FORT COLLINS, Colo., July 14, 2015 – Scientists found trends in fire weather seasons across the globe have increased by nearly 20 percent and the global burnable area doubled (nearly 110 percent) over the past 35 years.
Scientists from the USDA-Forest Service, South Dakota State University, the Desert Research Institute and the University of Tasmania, Australia conducted the study, Climate-induced variations in global wildfire danger from 1979 to 2013, published in the international journal Nature Communications.
Wildfire activity is driven by three key factors; fuels, sources of ignition, and weather (temperature, relative humidity, precipitation, and wind speed). Of the three factors, weather is the most variable and largest driver of regional burned area.
“So we separated weather from the other driving factors in order to isolate the impacts of climate change on wildland fire potential,” said lead scientist Matt Jolly of the USFS Rocky Mountain Research Station’s Fire Science Lab.
All continents with the exception of Australia and most vegetation types except boreal forests showed significant increases in the fire weather season length. Some areas, such as the Western and Southeastern United States, Alaska, tropical and sub-tropical South America and Eastern Africa and large parts of Eurasia show a steady lengthening of the fire season from 1979-2013. “Although, Australia and boreal forests showed no significant fire season length trends, we identified regional increases in the frequency of unusually long fire seasons in those regions since the mid-1990s, said Jolly. Essentially, while fire seasons aren’t getting consistently longer everywhere, unusually long fire seasons have been more frequent across much of the globe, even in areas such as Australia and the global boreal forests where significant long-term trends were absent.“
Notably, the methodology used in this study to explore and explain complex observed variations in fire activity is relevant when applied to any given geographic area whether it is local, regional, national or international. Understanding what is driving these trends can help managers toward mitigating increased wildfire potential, which can have pronounced global socio-economic, ecological and climate system impacts.
NASA Headquarters under the Terrestrial Ecology Program of the NASA Science Mission Directorate’s Earth Science division supported this work. NASA provided additional funding through an applied wildland fire sciences award.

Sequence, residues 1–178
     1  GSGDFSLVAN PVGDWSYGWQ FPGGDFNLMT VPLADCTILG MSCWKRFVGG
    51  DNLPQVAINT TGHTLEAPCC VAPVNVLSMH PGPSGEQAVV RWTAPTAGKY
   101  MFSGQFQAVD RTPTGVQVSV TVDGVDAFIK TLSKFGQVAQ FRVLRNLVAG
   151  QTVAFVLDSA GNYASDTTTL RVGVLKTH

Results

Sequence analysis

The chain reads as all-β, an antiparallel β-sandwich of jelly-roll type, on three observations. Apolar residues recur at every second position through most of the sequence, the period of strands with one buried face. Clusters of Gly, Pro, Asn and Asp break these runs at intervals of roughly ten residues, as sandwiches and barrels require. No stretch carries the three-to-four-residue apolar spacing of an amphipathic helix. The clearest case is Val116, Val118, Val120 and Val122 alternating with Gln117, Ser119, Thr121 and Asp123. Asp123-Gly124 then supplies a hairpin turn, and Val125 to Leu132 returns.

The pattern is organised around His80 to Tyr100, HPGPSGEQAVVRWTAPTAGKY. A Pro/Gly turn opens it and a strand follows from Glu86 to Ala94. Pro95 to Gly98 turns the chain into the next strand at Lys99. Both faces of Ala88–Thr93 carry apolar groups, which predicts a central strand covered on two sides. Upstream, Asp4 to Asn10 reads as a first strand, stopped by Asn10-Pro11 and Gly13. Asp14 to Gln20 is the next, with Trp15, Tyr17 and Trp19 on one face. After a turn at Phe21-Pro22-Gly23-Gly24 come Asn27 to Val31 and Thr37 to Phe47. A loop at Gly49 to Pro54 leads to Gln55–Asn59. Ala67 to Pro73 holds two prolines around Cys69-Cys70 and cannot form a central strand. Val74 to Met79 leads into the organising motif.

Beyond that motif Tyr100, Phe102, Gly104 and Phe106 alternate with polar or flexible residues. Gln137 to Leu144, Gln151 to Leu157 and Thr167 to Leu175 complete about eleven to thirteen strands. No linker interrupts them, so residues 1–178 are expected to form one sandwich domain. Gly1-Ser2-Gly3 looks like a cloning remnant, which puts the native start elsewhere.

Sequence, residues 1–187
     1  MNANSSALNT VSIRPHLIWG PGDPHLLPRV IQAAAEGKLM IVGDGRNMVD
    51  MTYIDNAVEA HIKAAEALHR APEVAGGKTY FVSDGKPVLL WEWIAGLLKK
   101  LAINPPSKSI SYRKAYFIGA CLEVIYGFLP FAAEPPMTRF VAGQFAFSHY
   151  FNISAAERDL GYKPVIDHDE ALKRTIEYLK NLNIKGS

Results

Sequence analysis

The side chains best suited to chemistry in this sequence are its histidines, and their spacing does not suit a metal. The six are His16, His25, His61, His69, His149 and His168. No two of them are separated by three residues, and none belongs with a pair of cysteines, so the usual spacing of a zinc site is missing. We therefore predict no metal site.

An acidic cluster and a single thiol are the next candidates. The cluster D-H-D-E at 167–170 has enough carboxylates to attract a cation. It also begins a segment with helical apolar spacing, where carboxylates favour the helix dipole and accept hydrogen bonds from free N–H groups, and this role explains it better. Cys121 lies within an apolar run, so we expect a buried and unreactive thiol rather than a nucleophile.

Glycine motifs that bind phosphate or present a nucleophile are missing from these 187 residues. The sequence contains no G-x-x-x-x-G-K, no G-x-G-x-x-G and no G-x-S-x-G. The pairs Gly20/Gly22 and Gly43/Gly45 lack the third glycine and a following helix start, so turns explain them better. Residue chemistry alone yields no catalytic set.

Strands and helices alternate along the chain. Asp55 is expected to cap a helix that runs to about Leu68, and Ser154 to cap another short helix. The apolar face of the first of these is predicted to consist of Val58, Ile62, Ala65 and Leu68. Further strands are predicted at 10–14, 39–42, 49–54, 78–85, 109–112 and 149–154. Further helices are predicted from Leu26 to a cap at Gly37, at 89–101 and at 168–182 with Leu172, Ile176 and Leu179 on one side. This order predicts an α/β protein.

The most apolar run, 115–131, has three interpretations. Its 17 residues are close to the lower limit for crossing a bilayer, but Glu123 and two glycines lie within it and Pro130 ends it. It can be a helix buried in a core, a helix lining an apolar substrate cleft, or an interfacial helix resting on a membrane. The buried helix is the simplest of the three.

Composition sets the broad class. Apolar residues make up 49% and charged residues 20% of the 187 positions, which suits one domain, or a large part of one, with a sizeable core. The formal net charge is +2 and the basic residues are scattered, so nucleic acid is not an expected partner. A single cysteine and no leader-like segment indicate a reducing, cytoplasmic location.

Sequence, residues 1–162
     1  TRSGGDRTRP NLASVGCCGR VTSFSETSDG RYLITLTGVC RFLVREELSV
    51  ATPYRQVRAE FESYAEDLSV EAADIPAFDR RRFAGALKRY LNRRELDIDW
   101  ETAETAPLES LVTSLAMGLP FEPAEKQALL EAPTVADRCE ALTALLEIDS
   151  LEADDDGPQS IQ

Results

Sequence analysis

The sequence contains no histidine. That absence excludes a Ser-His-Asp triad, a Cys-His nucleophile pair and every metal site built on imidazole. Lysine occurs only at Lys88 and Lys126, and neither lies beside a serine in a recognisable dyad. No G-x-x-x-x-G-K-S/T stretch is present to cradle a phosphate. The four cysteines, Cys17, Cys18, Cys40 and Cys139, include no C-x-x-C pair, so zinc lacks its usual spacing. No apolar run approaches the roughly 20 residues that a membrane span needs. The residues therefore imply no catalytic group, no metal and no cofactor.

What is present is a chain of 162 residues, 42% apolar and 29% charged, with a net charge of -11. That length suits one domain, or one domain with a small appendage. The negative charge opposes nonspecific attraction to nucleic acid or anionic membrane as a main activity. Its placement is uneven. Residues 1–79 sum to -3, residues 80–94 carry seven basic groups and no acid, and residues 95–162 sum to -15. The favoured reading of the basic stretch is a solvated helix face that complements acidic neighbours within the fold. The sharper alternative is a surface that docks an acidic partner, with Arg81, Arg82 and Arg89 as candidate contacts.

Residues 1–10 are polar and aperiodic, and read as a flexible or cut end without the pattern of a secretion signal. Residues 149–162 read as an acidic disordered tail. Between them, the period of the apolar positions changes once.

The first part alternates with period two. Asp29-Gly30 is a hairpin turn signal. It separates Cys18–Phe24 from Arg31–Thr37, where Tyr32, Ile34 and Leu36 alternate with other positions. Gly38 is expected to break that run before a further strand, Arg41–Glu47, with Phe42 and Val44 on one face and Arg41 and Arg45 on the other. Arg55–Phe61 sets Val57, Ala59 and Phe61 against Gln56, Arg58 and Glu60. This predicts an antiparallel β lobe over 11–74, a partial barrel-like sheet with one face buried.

To download a copy of Climate-induced variations in global wildfire danger from 1979 to 2013 go to http://dx.doi.org/10.1038/ncomms8537.
In the image above a. shows areas with significant trends in fire weather season length from 1979 to 2013. b. shows regions that have experienced changes in the frequency of long fire weather seasons (41s above historical mean) during the second half of the study period (1996–2013) compared with the number of events observed during the first half (1979–1996). Areas with little or no burnable vegetation are shown in grey (NB) and NC indicates areas with no significant change. Reds indicate areas where fire weather seasons have lengthened or long fire weather seasons have become more frequent. Blues indicate areas where fire weather seasons have shortened or long fire weather seasons have become less frequent.
The Rocky Mountain Research Station (RMRS) is one of seven units within the U.S. Forest Service Research and Development. RMRS maintains 14 field laboratories throughout a 12-state territory encompassing parts of the Great Basin, Southwest, Rocky Mountains, and the Great Plains. RMRS also administers and conducts research on 14 experimental forests, ranges and watersheds and maintains long-term research databases for these areas. While anchored in the geography of the West our research is global in scale. To find out more about the RMRS go to www.fs.fed.us/rmrs. You can also follow us on Twitter at www.twitter.com/usfs_rmrs.
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